For almost a year now our schools have been faced with unprecedented challenges as they tried to educate students while keeping them and the school staffs protected during a raging health crisis. By all counts they have done a marvelous job.
Since the state establishes a dashboard with data on school transmission of COVID-19, Cape May County schools have recorded a total of 23 cases, this over a fall period when community spread in the county was at record levels.
Our educators are still in combat with the virus. The slow rollout of a vaccination program probably assures that schools will close their academic year having to rely entirely on the same protections and protocols with which they started it.
So why raise the issue of changing our schools now? Why introduce a dialogue on the future of our school systems while the virus war continues?
The reason is that the dialogue we need is that important. Soon, perhaps later than we would like but still soon, we will start the recovery from this pandemic. As we do, a survey of the county may show much that has changed. It is not likely that we will just one day return to the status quo ante.
One thing that has clearly changed is that vacation homes have become alternative homes. A real estate boom has seen record numbers of title transfers, many of them on homes that never went on the market. The county has become more than a place to vacation. It is increasingly seen as a place to live for an increasing share of the year.
Changes in work patterns, allowing more remote access and the development of newer and better video conferencing tools support those who are retreating from urban landscapes and looking to more spacious environments.
Advances in remote schooling forced by the pandemic will undoubtedly have a lasting impact on the school curriculum and teaching strategies. Certainly remote learning in the future will be a strategic tool rather than an environment of last resort. That too brings certain flexibility to where people live.
Remote learning strategies may also finally allow teachers to be both “guide and sage.” A battle of sorts in educational philosophy had the teacher as either a “guide on the side,” a person who helps students follow their own curiosity, or, by contrast, a “sage in the room,” the person who imparts specific knowledge in a whole-class instruction model. Remote learning may open greater avenues for students to pursue, with guidance, their own curiosity without significant impact on in-class instruction.
The point is that the pandemic, as awful and destructive as it has been, has opened possibilities for living, work and school. A return to status quo prior to the pandemic is unlikely. The question now is will we decide on how we change or just be propelled in new directions which will serve us less well?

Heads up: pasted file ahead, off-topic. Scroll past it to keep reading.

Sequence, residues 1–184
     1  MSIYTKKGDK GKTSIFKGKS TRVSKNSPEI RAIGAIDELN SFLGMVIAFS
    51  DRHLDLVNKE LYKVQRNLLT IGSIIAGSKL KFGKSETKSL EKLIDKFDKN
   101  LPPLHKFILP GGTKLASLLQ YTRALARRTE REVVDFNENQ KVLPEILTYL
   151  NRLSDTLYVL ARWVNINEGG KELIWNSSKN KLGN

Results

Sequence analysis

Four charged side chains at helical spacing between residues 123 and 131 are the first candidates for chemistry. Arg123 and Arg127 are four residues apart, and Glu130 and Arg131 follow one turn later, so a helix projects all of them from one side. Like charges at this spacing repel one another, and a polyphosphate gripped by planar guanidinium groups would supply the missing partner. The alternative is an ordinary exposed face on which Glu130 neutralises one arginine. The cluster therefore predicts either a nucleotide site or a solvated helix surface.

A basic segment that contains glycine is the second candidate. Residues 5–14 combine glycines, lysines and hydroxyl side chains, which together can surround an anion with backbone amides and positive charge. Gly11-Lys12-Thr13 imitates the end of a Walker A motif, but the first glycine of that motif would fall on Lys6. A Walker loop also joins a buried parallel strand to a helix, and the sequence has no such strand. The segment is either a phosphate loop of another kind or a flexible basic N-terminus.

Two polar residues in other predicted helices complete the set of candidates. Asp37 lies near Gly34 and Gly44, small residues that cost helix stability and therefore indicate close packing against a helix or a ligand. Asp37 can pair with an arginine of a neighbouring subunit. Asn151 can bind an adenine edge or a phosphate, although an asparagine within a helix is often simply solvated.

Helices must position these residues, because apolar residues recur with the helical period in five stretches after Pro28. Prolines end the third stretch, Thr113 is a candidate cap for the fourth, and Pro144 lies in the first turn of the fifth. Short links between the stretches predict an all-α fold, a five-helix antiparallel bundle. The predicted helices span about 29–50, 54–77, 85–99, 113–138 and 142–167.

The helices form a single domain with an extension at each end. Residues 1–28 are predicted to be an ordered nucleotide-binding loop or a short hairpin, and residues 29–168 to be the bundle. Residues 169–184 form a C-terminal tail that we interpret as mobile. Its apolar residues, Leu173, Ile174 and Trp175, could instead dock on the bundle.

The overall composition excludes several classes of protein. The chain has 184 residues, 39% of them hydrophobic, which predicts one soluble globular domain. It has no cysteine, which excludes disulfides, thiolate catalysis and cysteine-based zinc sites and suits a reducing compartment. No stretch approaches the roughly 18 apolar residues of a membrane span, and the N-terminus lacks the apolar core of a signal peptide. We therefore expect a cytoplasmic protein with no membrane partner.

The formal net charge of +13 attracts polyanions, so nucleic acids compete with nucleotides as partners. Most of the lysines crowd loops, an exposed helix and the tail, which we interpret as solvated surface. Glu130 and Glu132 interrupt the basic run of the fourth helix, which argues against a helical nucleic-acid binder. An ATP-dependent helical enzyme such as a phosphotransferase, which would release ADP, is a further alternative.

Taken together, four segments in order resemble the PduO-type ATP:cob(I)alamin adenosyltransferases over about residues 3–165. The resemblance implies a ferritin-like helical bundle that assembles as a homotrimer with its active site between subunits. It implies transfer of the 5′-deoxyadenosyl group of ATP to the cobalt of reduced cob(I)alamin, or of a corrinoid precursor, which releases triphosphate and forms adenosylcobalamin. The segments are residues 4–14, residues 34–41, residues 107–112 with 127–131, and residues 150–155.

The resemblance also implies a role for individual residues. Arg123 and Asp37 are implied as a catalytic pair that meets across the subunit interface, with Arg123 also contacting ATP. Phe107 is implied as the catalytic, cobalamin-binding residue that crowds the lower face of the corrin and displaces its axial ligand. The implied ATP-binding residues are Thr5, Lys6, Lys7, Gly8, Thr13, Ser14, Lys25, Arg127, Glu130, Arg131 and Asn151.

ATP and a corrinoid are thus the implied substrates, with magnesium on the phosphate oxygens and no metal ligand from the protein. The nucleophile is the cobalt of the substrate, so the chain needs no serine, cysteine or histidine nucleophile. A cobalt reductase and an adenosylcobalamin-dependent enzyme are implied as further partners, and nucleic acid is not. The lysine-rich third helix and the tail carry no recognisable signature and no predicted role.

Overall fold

Our schools are a place to start taking control of the change. The county, pre-COVID-19, had about 12,500 students in 16 different operating districts with a total of over 30 individual schools spread over those districts. Three of those districts have fewer than 100 students.
We all have great affection for our schools. They are important parts of their communities. Yet at the same time various ranking systems tell us that our schools are not among the state’s best. Rather, we are and have been middle of the pack.
Education Weekly rankings give New Jersey top spot among the states for quality of public education. In the state’s own rankings, conducted as part of its responsibilities under the Every Student Succeeds Act, Cape May County schools score well on graduation rates, but middle of the road or lower on college readiness and other achievement indexes.
As we come out of the pandemic, the strength of our schools may be determinative of our ability to attract and hold new populations in an environment in which people are on the move from urban centers. The decisions we make about our schools will likely place limits on or open the future to new avenues of economic development. Most importantly those decisions will impact the quality of future life of our children.
It is time to dialogue on the future of our schools and not just allow ourselves to fall back on where we were pre-pandemic.
Do we need over 30 schools in our county? Can we more broadly offer educational opportunities by greater sharing of resources, sharing in ways that will force us to solve logistical problems of distance, travel and technological access? Do we need 16 operating districts with separate local school boards elected in contests almost no one votes in? Is getting a handle on the better than $360 million a year we spend on public education our best single chance to improve the attractiveness of the county through addressing the single largest aspect of property taxes?
The top-performing New Jersey schools structured differently have proven that we can improve access to college by making our students better prepared for higher learning, and we can devise curricula to provide skills directly relevant to the county job market for those who don’t pursue college. In so doing, we can do a better job of holding our youth by providing educational avenues that lead to jobs in our economy.
The questions are endless because the impact of educational choices has pervasive influence on our future.
Let us know you are open to this kind of dialogue and we will find ways to facilitate it.
From the Bible: Not many of you should become teachers, for you know that we who teach will be judged with greater strictness. James 3:1-2